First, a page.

How Can Coaching Impact Organizations?
It can be really easy to confuse the term “coaching” with “managing”. Managers often assume that because they are a capable leader, they must also be a good coach, and this is not necessarily true. Unfortunately, coaching is not a skill most people are born with, nor is it a skill naturally acquired along the route to learning how to manage. The problem with this is that a manager who cannot coach won’t get the most out of their employees. Let’s look at what coaching can bring to the table, where managing alone falls short.
A lot of the top companies in the world not only teach coaching, but expect managers to spend over 50% of their time engaged in coaching their subordinates. Here’s why:
- Higher employee engagement
- Greater productivity
- Increased employee retention rate
- Stronger perception of company leadership
- Improved customer loyalty
The Key To An Effective Team
The key here is employee engagement; all the other benefits stem directly from that one concept. So what, exactly, is employee engagement? The most basic way to describe or measure engagement is the level of commitment to and involvement with the company displayed by employees. Committed and engaged employees tend to be happier, which will increase productivity. Their lower stress levels will improve their general health, resulting in a more present and efficient workforce who are less likely to jump ship at the first opportunity. The engaged employee will also work very closely with their supervisors in a collaborative effort, which will improve their perception of their superiors.
To gain access to all of these benefits, managers have to learn how to coach. One of the primary differences between coaching and managing is the attitude towards working with their subordinates. A manager is typically a directive individual: distributing work, overseeing projects, and keeping their eye on the bottom line. Managers are masters of clear, one-way communication. Coaching, on the other hand, is collaborative. Coaches work with their team members, joining them on the frontlines and working as partners in open communication. Employees who are being coached are more likely to feel that their work is challenging, enjoyable, and rewarding, which, in turn, gives them a sense of worth and value within the team.
Four Important Areas of Coaching
Let’s look at four primary aspects of coaching and how each of them will improve the areas outlined above.
- Leadership – The strength of leadership in a coaching environment comes largely from having a strong company vision and transmitting this effectively to your team members. When staff members understand what the company is all about and have a clear idea of their value in this vision, they will respect your leadership and contribute their whole selves to the group effort.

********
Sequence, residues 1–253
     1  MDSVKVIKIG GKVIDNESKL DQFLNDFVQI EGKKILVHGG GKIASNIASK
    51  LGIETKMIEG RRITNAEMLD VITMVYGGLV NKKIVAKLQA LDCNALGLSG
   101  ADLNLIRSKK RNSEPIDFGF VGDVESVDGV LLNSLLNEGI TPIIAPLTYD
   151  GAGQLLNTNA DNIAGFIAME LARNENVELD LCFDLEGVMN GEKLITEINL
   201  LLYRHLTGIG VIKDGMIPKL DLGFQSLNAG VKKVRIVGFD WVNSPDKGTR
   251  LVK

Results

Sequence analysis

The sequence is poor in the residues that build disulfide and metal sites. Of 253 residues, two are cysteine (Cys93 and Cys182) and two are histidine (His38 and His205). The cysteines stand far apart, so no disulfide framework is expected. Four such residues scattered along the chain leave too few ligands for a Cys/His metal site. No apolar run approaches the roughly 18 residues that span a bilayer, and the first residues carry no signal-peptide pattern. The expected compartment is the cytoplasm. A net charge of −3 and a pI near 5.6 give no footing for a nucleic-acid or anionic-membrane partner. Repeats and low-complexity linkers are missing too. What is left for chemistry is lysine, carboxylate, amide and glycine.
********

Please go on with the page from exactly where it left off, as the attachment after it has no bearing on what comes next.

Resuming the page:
- Voice – Give your employees a chance to be heard. This means really listening to them. Many managers feel they give their employees ample face time with them in one-on-one scenarios, but the important distinction here is to really practice active listening, rather than doing all the talking yourself. When the employee feels heard, they will feel increasingly engaged and respected.
- Behavior – Company values and behavior start at the top. Simply put, employees will never respect a “do as I say, not as I do” mentality from their superiors. If you have clear-cut principles and guidelines for employee behavior, it is absolutely essential that this code is upheld all the way up the chain of command.
- Empower – Empowering your employees comes from shifting the managerial mindset. The manager who views his subordinates as people who need to be micro-managed and controlled will fail to earn the respect and commitment of his employees. Begin, instead, with the viewpoint that each member of your staff is a valuable and intelligent person who wants to do a good job, and make it your goal each day to support them in this endeavor.
The last bullet point there is vital to the essentials of coaching. As a coach, you must begin working with your employees on the premise that their goal is to be the best employee they can be and develop the relationship from there. After establishing that outlook, you can help guide them and eliminate obstacles to working with and understanding them effectively. When your employees feel that you respect them, they will begin to trust you. When you take action to support and strengthen this trust, they will develop faith and confidence in you. With these principles established in your work environment, the possibilities are endless. Your employees will thank you and your bottom line will reflect it.
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